proofreading e-booksSince the introduction of e-readers, such as the Kindle, Nook and Kobo, there has been a huge rise in the number of books being published and made available in electronic format, including many that are self-published. On the whole I welcome this literary explosion; since acquiring my Kindle eighteen months ago I have often found myself reading and enjoying books that I probably would never have picked up in printed copy. The ease and immediacy of buying e-books online, combined with the typically lower cost of the books, means that I am generally less choosy about what I buy and, as a result, have come across some hidden gems in that time.

There is, however, a downside to the ready availability and inexpensiveness of these books: all too often they have not been thoroughly proofread. Now, publishing is not my area of expertise, so I don’t know if the lack of proofreading has been due to trying to keep costs as low as possible or for another reason. On the other hand, reading is something I do have quite a lot of experience with. As a reader I like to immerse myself in the flow of words and the images that they conjure and a poorly proofed book prevents this from happening. I know I am not alone in this, reading through customer reviews on Amazon the complaint crops up time and time again.

The most common mistake I encounter is probably also the least intrusive – the misuse of apostrophes, or the so-called greengrocer’s apostrophe. Now, although this is irritating to a grammaticist, it is usually still fairly easy to determine the author’s intended meaning. Other punctuation errors are much less frequent although misplaced commas or forgotten speech marks do creep in.

More disruptive for the reader is the sentence where a word has been omitted. Usually this is only a small word such as ‘it’, ‘not’ or ‘with’ but without that word the sentence doesn’t make sense. Some readers may automatically fill in the blank without even noticing it, but others will register the anomaly and have to stop and re-read the sentence. This stop-start approach to reading interrupts the flow and detracts from the reader’s enjoyment.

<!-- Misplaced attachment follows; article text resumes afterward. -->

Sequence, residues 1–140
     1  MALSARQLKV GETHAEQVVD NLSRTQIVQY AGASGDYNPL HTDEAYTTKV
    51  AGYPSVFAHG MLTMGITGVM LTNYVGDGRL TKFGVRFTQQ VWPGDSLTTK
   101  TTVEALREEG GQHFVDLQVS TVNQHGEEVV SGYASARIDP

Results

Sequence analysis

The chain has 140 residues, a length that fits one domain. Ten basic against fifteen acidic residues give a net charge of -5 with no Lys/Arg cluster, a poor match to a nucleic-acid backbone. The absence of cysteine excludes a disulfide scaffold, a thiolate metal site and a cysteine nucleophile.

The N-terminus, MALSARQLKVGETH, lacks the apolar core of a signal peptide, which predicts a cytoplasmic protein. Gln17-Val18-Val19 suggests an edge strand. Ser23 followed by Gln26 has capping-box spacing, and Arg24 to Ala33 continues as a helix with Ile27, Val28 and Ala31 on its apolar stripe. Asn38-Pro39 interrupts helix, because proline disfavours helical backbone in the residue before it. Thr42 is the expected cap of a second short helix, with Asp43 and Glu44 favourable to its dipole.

The final error that I often encounter is probably the most disruptive for the reader and is one that is more common than it should be: name substitution. A fiction author may use the name of one character in error when they mean another. The sentence itself will be grammatically correct and make total sense but becomes nonsense in the overall context of the book and can completely throw the reader. A variation of this that I recently came across was a novel whose main protagonist was female but who masqueraded as a man. Consequently (s)he had both a male and female name and it was jarringly obvious when the wrong one was used. This should certainly have been picked up and corrected by a beta reader, even if a professional editor or proof-reader was not involved in the publication process.

reading kindleSo why does it matter? Apart from the fact that good grammar use does matter and is there to enable a writer to get their message across correctly, there is a commercial aspect to it. Along with the rise of ebooks has come an increase in customer reviews, especially on Amazon. If a book has errors in it, then quite often a customer will say so in their review of the book. They may just leave it as a passing comment or they may rate the book lower in the starring system than they would have otherwise done. Negative comments or lower rated reviews will affect sales and although there are ways to counter this it is better not to have to deal with them in the first place. The best solution is to use a professional proof-reader and/or editor before publishing. Mistakes can then be picked up and corrected before the book gets into the hands of the discerning and reviewing public. Failing that, even getting a number of different friends or acquaintances to beta-read the book may at least highlight some errors which can be rectified.

What are some of the worst errors you’ve ever come across in a published book? Feel free to tell me in the comments below.

photo credits: jblyberg and anieto2k via photopin cc

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4 Responses to Proofreading before publishing

  1. Tracey says:

    My top proofreading tip – read backwards! The best way to find spelling mistakes as it’s less likely that your brain will see what it expects to see rather than what is written.

  2. Elizabeth McLaughlin says:

    I too have read a book where the character’s name was notably incorrect in a sentence and it took my focus away for a bit while I was trying to sort it out. Just last night though, while reading a story to Eddy, I found one that I had to explain to him. The sentence said “so he if he was going to use them” lol. They should be especially careful in Books for children!

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